§ 59. Mr. R. RICHARDSON
asked the Minister of Health whether he is aware of the facilities for unlawful interference with the liberty of the subject afforded to managers of registered mental hospitals by the existing voluntary boarder system; that the system does not afford any real legal safeguards against the wrongful detention of such boarders for fraudulent motives in these private asylums, but only illusory safeguards dependent entirely on the integrity of persons interested, financially and otherwise, in detaining them; that the system does not render available for such boarders any evidence of maltreatment or wrongful detention, except by witnesses who would either be incriminated or their positions jeopardised by giving such evidence; whether the case of L.J.G. has been brought to his notice, who entered St. Andrew's Hospital, Northampton, as a voluntary boarder, and complains that her repeated demands for the restoration of her clothes and her liberty were disregarded and her written notices to the manager destroyed by him; 1466 and will he institute an immediate inquiry into the working of this system with special reference to the case of L.J.G.?
I can find no evidence that the existing voluntary boarder system is open to abuse in the manner suggested by the hon. Member. The case of L.J.G. has already been fully inquired into and has been the subject of legal proceedings. The case was first heard before a special jury in the High Court, which found that there was no evidence of wrongful detention or ill-treatment a decision which was upheld in the Court of Appeal. I know of no grounds for a further inquiry into the working of the existing voluntary boarder system.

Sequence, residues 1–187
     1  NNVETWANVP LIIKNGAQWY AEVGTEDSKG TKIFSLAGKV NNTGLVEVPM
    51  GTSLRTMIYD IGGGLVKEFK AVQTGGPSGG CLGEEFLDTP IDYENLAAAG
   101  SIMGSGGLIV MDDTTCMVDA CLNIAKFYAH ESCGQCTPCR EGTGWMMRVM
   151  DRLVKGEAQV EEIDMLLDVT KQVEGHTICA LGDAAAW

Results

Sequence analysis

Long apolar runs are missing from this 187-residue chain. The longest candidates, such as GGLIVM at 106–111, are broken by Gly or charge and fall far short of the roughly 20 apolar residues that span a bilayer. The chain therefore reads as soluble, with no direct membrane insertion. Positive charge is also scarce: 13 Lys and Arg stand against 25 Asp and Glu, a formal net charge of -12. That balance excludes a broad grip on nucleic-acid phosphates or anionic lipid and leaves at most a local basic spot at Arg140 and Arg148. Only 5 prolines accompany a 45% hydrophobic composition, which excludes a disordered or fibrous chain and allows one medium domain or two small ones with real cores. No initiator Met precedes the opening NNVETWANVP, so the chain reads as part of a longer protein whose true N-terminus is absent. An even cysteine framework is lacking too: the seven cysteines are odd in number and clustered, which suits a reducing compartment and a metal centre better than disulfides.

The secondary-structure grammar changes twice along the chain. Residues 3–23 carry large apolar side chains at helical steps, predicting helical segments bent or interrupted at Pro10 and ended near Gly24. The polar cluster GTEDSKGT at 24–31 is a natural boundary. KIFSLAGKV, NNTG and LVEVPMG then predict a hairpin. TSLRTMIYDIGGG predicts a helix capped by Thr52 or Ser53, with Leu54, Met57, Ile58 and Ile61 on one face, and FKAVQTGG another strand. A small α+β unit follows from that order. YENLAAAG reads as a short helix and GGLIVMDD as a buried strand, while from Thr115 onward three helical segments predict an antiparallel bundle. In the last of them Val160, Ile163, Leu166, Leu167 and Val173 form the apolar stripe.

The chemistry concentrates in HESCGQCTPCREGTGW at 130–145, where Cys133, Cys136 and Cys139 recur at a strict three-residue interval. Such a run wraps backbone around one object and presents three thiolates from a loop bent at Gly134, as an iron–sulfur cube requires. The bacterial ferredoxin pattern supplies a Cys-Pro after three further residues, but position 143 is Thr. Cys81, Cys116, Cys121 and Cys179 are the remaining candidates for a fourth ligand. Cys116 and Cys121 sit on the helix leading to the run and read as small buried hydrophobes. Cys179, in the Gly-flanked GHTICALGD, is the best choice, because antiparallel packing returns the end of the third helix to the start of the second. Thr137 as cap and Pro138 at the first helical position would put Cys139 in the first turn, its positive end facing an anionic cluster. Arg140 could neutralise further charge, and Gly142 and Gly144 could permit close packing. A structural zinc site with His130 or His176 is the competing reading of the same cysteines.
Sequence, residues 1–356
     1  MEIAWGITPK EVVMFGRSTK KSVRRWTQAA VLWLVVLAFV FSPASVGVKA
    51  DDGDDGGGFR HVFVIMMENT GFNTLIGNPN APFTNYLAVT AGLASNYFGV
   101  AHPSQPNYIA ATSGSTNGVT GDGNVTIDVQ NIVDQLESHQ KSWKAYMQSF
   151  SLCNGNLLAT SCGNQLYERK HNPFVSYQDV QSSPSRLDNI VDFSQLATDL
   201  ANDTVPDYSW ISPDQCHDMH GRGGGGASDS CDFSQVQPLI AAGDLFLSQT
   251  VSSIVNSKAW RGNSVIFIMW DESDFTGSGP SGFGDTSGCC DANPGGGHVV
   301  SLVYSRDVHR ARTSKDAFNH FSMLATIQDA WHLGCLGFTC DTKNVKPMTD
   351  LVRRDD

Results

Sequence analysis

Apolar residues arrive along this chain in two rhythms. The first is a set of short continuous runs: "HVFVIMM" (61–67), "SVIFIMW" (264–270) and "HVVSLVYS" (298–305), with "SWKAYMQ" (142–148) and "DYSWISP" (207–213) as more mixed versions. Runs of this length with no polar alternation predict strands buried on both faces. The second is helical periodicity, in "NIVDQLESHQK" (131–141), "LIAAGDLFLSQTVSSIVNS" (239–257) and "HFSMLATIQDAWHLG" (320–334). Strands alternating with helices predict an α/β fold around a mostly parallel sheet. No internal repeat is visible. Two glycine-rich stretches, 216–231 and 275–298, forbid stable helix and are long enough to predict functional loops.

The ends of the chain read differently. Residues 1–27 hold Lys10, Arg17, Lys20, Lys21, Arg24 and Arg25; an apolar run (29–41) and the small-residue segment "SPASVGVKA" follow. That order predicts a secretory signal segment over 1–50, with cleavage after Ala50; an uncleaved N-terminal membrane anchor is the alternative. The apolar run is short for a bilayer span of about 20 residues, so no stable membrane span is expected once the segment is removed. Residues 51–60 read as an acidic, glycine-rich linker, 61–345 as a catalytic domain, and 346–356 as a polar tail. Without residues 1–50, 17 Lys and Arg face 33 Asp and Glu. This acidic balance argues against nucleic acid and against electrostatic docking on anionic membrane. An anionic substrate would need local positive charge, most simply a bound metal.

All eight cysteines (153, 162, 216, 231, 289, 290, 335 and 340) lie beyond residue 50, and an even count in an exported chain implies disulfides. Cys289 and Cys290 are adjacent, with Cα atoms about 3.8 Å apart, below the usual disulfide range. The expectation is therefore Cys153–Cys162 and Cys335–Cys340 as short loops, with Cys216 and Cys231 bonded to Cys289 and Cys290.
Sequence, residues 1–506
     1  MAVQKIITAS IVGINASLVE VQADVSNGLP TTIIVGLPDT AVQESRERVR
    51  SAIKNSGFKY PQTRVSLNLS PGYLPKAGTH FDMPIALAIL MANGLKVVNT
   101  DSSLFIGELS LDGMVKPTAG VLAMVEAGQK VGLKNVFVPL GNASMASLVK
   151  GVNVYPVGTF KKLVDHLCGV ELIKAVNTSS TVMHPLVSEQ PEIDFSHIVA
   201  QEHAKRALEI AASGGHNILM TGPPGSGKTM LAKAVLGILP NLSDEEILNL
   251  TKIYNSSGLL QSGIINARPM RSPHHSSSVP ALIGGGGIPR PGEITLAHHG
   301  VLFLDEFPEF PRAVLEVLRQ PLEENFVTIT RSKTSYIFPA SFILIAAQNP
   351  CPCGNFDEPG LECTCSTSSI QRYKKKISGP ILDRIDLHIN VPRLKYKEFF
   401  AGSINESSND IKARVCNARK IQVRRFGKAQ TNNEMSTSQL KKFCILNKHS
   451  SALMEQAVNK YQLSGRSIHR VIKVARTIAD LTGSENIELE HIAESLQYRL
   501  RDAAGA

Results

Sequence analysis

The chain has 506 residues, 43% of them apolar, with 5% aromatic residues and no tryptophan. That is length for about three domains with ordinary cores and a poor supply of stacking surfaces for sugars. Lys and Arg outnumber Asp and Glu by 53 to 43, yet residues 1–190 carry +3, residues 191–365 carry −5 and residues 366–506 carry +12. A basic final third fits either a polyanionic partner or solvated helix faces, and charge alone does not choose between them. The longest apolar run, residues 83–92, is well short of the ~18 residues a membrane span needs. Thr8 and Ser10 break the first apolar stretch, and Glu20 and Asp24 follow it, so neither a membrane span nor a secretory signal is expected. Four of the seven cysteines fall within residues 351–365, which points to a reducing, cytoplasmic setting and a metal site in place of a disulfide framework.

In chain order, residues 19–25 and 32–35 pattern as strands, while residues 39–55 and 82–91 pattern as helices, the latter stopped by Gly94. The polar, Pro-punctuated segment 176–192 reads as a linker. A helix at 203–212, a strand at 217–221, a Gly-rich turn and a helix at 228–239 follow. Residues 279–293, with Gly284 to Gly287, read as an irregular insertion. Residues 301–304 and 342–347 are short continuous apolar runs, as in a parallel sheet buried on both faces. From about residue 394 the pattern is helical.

§ Mr. RICHARDSON
Is the right hon. Gentleman aware that this is only one of very many cases in which people have suffered and that their only remedy is to go to law? I have had several letters from other people on the same subject.
§ Mr. RICHARDSON
Is the right hon. Gentleman aware of the easy method of transferring people to lunatic asylums from these homes, where they cannot under any circumstances expect to get better?
§ 80. Mr. RAWLINSON
asked the Minister of Health whether, in the cases of those patients who were received into private mental institutions in 1922 without being seen by a magistrate, and without the provisions of Section 8 of the Lunacy Act, 1890, having been adhered to, such patients have been since discharged, or, if not, under what power they have respecively been detained?
As I stated in reply to the hon. Member for Pontypool on 26th July, I am advised that failure to comply fully with the requirements of the Section mentioned does not invalidate the reception orders authorising the detention of patients.
§ Mr. RAWLINSON
Have any steps been taken to remedy the defect as to the giving of notice as required by the Act?